Genetics Finally Solves The Mystery Of Indian Origins

Indian political campaigns usually base themselves on the “Indian” identity, and related sentiments. Most often, such leaders appeal to sentiments and emotions rather than constructive discussions about economics, science, and progress as a nation. There exists an associated pride in being a ‘pure’ Indian. Without factual, genetic evidence, there have been many theories hypothesized about the origins of the Indian population. What does genetics actually say about the Indian origins?

Linguistic analysis and archeology, and how Indians evolved

Before the advent of population genetics, linguistic analysis aided in the initial theories of the origins of Indians.

Indian languages are quite similar to European languages.

Based on this, there were two theories- the Nazis (and other colonial Indologists) spread the theory of Aryans (superior blue-eyed, fair races that conquered a number of places until the Indian subcontinent).

The other theory claims the opposite; that Indo-European languages originated in India and spread westwards.

There are other theories related to the Indus Valley Civilisation, and there are many questions related to which race moved southwards- did the Dravidians move down because of the Aryans, or did the Aryans move south?

Genetics- the flow of races

A number of studies on population genetics, coordinated by David Reich (1,2), provide startling results- the Indian origins are a result of massive migrations, that mixed freely with the local people.

The belief that Indians originated on this subcontinent is not true.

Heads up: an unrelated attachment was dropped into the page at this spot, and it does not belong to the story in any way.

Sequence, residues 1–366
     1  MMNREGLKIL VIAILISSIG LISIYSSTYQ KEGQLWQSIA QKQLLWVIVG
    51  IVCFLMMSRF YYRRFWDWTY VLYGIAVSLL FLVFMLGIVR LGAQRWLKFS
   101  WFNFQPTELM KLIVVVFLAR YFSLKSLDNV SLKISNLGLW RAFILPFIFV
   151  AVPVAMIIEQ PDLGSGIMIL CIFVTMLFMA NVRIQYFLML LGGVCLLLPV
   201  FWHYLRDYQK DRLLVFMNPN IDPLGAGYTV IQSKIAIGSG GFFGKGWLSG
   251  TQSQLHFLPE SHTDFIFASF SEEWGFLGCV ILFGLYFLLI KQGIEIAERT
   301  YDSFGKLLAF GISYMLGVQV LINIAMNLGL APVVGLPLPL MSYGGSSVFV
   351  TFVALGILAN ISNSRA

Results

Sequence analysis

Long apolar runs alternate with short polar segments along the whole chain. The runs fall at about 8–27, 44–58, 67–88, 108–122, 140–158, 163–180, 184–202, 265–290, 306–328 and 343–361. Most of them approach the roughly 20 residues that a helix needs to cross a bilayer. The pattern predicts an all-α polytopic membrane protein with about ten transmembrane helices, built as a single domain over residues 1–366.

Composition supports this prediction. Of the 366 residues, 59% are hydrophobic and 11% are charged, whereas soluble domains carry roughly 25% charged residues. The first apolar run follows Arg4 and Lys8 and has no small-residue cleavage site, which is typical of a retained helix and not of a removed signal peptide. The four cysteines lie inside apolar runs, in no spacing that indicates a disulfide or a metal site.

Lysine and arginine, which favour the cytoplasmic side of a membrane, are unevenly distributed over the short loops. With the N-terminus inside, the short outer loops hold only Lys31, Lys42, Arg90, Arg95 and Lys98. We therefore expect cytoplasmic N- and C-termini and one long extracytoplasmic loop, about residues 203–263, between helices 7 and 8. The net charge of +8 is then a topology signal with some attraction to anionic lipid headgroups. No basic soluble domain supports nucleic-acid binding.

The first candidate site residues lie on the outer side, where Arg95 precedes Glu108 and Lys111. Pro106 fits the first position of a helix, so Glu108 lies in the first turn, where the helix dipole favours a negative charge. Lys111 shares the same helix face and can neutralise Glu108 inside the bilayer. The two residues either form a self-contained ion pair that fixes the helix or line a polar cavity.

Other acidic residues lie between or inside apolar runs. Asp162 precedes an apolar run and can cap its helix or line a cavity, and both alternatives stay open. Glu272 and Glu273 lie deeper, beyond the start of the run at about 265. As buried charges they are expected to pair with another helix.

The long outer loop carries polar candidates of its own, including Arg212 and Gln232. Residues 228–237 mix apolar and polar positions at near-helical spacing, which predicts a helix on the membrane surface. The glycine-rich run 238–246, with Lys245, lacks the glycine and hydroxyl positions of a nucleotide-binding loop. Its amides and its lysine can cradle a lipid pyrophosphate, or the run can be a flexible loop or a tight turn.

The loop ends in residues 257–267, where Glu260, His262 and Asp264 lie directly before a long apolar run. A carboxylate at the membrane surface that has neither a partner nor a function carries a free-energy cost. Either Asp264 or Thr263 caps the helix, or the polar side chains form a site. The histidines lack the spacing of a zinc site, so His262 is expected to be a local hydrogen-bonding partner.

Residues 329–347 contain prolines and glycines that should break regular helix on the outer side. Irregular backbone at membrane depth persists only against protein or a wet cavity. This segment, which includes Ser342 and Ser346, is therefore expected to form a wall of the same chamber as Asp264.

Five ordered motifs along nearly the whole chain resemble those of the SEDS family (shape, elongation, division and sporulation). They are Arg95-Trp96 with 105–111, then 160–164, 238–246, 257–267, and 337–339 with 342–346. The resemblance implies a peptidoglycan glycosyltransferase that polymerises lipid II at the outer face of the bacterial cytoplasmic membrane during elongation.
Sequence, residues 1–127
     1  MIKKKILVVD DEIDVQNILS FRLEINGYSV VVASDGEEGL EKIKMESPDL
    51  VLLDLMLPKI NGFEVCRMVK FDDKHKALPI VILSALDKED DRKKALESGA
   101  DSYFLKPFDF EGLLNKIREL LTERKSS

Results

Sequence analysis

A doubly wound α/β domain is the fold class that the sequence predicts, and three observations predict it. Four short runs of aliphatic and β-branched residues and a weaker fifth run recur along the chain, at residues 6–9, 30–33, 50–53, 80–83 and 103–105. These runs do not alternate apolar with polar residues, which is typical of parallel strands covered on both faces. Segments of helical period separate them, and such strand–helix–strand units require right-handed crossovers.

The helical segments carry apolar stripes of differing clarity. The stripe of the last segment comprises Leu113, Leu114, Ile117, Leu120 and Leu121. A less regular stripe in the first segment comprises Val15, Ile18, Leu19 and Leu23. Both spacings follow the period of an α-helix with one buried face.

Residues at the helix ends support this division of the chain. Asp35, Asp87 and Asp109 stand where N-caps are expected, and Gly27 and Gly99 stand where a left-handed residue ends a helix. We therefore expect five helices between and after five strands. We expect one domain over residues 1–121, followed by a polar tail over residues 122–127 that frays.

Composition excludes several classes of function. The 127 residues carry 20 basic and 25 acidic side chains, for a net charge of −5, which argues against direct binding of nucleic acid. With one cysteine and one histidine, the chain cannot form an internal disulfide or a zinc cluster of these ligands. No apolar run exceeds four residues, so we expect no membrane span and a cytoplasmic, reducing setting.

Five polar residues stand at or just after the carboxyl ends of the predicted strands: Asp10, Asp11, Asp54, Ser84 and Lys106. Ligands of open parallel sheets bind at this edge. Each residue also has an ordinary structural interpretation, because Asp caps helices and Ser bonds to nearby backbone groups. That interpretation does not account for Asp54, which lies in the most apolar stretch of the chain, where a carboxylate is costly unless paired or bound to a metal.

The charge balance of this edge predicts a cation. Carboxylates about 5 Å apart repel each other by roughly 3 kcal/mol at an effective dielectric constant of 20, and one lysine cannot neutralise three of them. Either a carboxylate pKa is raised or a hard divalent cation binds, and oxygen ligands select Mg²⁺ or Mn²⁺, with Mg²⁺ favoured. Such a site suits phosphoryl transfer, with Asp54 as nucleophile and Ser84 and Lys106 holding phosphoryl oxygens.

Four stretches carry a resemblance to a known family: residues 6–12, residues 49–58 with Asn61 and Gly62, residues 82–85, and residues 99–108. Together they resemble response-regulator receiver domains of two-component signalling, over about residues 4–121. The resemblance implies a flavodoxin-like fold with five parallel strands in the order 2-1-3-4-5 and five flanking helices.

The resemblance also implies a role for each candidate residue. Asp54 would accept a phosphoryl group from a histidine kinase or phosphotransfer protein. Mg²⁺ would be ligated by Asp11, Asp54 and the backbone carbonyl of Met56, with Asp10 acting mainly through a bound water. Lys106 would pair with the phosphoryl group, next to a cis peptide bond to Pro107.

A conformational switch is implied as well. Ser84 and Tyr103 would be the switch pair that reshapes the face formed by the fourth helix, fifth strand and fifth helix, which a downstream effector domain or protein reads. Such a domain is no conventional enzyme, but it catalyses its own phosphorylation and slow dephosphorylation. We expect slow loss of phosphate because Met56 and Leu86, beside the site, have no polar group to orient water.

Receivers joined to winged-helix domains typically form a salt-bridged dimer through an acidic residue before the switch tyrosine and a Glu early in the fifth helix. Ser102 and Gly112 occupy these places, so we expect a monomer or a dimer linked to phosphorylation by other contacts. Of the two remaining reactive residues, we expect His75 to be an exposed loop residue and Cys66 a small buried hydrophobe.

Extensive population genetic analyses support this hypothesis. 

Indians can trace back their origins to 65,000 years ago when the first group of humans made their way to the subcontinent from Africa.

After this migration, there were more waves of major migrations, and these populations freely mixed with the initial population.

The subcontinent had the world’s largest population 20,000 years ago.

  • 9,000 to 5,000 years ago, farmers from Iran’s Zagros region moved to northwestern India and freely mixed with the population- creating the Harappan people, and eventually, the urban Indus Valley civilization. 
  • The Harappans moved south and mixed with the local population, forming the Ancestral South Indian, whose culture was based on the Dravidian languages.
  • The third migration occurred in 2000BC when Chinese migrants swamped southeast Asia and reached India. They brought in the Austroasiatic languages like Mundari and Khasi (found in the eastern and central parts of India).
  • The fourth migration took place between 2000 and 1000 BC, bringing in people from the Kazakh Steppe, who spoke an Indo-European language. 

 

The old colonial hypothesis may be true: Aryans migrated to India

Based on the genetic conclusions so far, Aryans migrated to India, carrying an older version of Sanskrit with them.

They mixed with the Harappans, creating the ancient North Indian population.

Even so, the Harappans themselves have connections that stemmed from outside the Indian subcontinent. 

The mixing of populations seemed to have come to an abrupt stop around 100AD.

This led to an increase in differences in people in India for the last 2000 years.

One possible hypothesis is that the caste system became rigid around this time.

To give a perspective, the Chinese population continued to mix freely, and now they are a homogenous Han population, and in comparison, an Indian population is a large number of small populations.

Marriage was confined between members of the same caste, and therefore, restricted the free mixing of the population. 

In the end, the question of whether the Indian population is “pure” is futile.

We are a mix of multiple populations, which just proves that the whole world is a family.

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